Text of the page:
Over the past few months, a number of new laws and regulations relating to foreign direct investment (FDI) in China became effective. Two notable developments are the reform of the corporate registered capital system for company registration in China  and the relaxation on the approval requirements for FDI projects in China. These changes reflect the general trend of creating a more relaxed review and approval process for the establishment of enterprises, whether domestic or foreign invested, in China.

REFORM OF REGISTERED CAPITAL SYSTEM

The amended Company Law of the PRC came into effect on March 1, 2014. Most of the revisions relate to the reform of the registered capital system, which aims to facilitate and simplify the company registration process in China. The State Administration for Industry and Commerce also amended the Regulations on Administration of Corporate Registrations and other relevant regulations accordingly to effect the reform of corporate registered capital system. The new regime on registered capital system generally applies to all companies, including foreign-invested enterprises (FIEs), but with certain exceptions in 27 prescribed industries.

Under the new regime, unless otherwise required by law, the mandatory restrictions on minimum capitalization, the cash ratio in registered capital and the time limits for capital contribution are eliminated.

In practice, however, the removal of the minimum capitalization requirements has limited impact on FIEs, as the statutory ratio between registered capital and total investment remains binding on FIEs and their investors. In China, the total investment in an FIE is the total amount of funding, including registered capital (i.e., equity) and debt, required to enable the FIE to conduct its proposed business operations, and at least a specified portion of the total investment must be contributed in the form of registered capital depending on the size of the total investment. Given that any increase in the registered capital or total investment  of an FIE is subject to government approval, the foreign investor still needs to budget for its investment project from the beginning and ensure that it has sufficient funds to maintain its business, otherwise the investor will have to go back to the regulators for further approval in the future if the FIE runs out of funds to carry out its operation.

The changes to the cash ratio in registered capital and the time limits for contribution are aimed at bringing foreign investors greater flexibility in structuring their investment projects in China, as investors may decide the form of capital and the timing of contribution into the FIEs. Needless to say, the removal of the cash ratio requirement brings more investment opportunities to those Canadian companies with more non-monetary assets (including equipment and intellectual property) and less cash on hand.

RELAXATION ON APPROVAL FOR FDI PROJECTS

The National Development and Reform Commission (NDRC) recently promulgated the Administrative Measures on the Approval and Filing of Foreign-Funded Projects (the New Measures), which became effective as of June 17, 2014, and replaced the Interim Measures on the Administration of Approval for Foreign- Funded Projects issued in 2004.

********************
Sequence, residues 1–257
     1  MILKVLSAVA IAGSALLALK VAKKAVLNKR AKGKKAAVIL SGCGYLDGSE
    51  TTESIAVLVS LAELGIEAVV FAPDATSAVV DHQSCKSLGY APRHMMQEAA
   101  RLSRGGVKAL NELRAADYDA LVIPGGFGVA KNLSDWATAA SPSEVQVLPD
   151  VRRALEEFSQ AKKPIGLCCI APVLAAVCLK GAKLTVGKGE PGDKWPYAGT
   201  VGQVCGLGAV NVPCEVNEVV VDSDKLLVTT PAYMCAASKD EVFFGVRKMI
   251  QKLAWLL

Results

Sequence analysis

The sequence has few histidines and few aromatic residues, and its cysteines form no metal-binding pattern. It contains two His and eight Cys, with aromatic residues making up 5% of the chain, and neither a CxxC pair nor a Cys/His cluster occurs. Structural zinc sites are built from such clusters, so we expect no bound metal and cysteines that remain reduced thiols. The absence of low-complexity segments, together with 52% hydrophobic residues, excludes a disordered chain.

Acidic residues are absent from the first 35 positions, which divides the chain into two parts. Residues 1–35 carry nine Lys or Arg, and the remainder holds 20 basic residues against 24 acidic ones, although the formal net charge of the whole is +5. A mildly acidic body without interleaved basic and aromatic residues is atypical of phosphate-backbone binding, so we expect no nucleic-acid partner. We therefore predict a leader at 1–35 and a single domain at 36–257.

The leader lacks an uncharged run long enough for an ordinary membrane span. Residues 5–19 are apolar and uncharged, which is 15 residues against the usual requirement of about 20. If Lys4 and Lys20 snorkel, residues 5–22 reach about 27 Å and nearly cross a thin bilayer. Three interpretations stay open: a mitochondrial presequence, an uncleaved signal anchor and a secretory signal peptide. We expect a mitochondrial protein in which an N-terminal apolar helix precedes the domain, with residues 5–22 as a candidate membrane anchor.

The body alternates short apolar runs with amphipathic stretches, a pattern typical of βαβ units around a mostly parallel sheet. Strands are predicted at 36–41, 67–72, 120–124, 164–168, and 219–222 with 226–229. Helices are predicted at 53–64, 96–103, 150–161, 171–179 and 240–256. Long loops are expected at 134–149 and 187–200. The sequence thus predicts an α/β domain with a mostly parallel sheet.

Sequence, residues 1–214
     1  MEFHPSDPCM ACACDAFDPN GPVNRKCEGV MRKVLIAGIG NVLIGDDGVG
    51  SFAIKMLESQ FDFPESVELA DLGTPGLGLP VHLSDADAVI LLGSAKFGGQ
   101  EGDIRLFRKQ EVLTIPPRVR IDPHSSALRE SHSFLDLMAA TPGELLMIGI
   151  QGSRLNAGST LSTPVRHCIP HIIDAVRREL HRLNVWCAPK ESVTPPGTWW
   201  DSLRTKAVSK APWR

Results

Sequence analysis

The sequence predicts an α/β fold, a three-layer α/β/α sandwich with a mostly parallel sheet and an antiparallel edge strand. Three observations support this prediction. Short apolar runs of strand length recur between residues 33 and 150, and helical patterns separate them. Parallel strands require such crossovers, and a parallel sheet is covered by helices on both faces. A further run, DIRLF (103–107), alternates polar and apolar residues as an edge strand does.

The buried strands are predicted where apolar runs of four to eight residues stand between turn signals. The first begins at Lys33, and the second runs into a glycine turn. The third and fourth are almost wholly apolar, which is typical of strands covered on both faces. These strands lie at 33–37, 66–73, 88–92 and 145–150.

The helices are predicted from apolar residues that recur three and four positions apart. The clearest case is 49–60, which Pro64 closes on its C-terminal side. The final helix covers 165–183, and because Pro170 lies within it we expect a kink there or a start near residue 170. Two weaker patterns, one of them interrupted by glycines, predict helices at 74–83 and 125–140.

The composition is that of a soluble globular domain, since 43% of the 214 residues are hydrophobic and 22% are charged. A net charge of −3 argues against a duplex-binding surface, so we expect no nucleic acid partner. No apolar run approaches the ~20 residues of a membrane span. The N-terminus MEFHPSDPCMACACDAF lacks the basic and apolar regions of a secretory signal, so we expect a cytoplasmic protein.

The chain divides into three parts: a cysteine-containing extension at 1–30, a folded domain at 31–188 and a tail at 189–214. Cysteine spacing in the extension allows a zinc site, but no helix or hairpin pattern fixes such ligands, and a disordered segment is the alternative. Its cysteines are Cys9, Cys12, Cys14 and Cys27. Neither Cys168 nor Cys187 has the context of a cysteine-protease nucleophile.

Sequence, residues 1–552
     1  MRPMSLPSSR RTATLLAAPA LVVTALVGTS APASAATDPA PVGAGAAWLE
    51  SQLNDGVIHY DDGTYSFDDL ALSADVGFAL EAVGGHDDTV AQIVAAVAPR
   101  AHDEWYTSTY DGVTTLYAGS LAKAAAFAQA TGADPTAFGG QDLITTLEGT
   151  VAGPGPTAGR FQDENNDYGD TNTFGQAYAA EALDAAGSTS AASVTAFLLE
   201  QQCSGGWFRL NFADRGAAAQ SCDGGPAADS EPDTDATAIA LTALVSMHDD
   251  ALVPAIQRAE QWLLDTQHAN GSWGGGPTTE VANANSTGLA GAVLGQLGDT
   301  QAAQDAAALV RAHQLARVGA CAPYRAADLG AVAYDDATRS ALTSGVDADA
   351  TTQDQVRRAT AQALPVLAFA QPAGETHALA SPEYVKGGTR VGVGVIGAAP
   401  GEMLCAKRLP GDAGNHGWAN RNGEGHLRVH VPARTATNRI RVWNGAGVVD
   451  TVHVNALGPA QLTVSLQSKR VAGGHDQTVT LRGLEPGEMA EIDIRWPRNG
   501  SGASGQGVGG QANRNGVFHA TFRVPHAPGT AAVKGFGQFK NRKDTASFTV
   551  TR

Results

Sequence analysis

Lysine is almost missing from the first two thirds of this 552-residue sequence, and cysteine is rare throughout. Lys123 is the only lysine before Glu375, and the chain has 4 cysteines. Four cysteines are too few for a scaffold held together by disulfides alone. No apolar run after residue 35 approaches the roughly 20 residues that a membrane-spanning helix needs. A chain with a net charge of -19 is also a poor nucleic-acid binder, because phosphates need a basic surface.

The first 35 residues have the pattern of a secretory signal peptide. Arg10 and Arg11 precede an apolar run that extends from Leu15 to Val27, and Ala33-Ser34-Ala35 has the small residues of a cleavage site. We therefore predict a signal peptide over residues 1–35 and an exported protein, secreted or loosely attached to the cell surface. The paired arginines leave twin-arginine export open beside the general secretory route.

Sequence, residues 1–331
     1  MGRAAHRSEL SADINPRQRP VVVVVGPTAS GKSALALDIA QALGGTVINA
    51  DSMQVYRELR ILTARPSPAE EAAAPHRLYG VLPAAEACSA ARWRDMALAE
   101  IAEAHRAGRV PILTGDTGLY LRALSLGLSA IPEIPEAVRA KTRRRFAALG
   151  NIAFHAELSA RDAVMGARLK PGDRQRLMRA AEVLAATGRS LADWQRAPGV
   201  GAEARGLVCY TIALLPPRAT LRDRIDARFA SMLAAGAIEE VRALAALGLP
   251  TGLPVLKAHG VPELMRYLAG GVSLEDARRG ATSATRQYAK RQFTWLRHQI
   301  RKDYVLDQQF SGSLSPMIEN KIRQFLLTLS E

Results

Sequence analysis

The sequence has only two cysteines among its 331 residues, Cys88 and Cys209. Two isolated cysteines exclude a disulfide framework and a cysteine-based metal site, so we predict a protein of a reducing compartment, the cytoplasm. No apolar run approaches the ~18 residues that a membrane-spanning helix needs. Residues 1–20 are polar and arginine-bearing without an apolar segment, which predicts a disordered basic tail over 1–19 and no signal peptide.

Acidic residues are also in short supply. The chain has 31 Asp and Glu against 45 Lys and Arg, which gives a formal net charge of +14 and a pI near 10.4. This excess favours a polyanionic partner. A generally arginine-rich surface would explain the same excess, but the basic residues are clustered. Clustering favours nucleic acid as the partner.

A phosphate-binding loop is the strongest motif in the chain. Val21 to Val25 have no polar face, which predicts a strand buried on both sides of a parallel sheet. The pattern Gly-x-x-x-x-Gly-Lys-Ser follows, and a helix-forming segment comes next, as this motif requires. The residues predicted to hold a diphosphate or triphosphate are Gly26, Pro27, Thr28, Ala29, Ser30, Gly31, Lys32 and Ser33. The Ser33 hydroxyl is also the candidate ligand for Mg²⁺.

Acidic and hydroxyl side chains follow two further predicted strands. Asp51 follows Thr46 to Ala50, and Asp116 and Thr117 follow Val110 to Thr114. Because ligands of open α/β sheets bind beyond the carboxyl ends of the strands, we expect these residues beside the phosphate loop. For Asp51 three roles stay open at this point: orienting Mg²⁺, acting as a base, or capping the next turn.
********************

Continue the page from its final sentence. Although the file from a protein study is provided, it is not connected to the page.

The New Measures generally apply to all types of FDI projects in China and regulate them in two different methods, namely, approval and filing.

According to the New Measures, the following FDI projects will be subject to the approval of the NDRC or local governments:

  1. Projects in the encouraged category under the Catalogue  of Industries for Guiding Foreign Investment (the Catalogue) with a total investment (including capital increase) of at least US$300-million and with a requirement that a Chinese party is the controlling shareholder will be approved by the NDRC).
  2. Non-real-estate projects in the restricted category under the Catalogue with a total investment (including capital increase) of at least US$50-million will be approved by the NDRC.
  3. Real estate projects in the restricted category under the Catalogue will be approved by provincial governments.
  4. Non-real-estate projects in the restricted category under the Catalogue with a total investment (including capital increase) of less than US$50-million will be approved by provincial governments.
  5. Projects in the encouraged category under the Catalogue with a total investment of less than US$300-million and with a requirement that a Chinese party is the controlling shareholder will be approved by local (city or lower level) governments.
  6. Projects that are not covered by items one to five above but are engaged in the industries listed in items (1) through (11) of the Catalogue of Investment Projects Subject to the Approval of Government (2013 Version) will be approved pursuant to the requirements provided therein.

Other projects that do not fall into any of the above categories shall be subject only to filing with local governments. These include projects in the encouraged category without the Chinese controlling shareholder requirement and those in the permissive category (those not listed in the Catalogue as encouraged, restricted or prohibited). In this regard, the New Measures have significantly narrowed the scope of FDI projects that require NDRC or local government approval, thus streamlining the  process of and the timeframe for implementation of FDI projects in China.

While China is still a long way from granting “national treatment” to foreign investors in the establishment of their enterprises in China, the above changes not only simplify the review and approval processes entailed, but also ensure that FIEs are, at least as far as capital requirements, treated more like their domestic counterparts.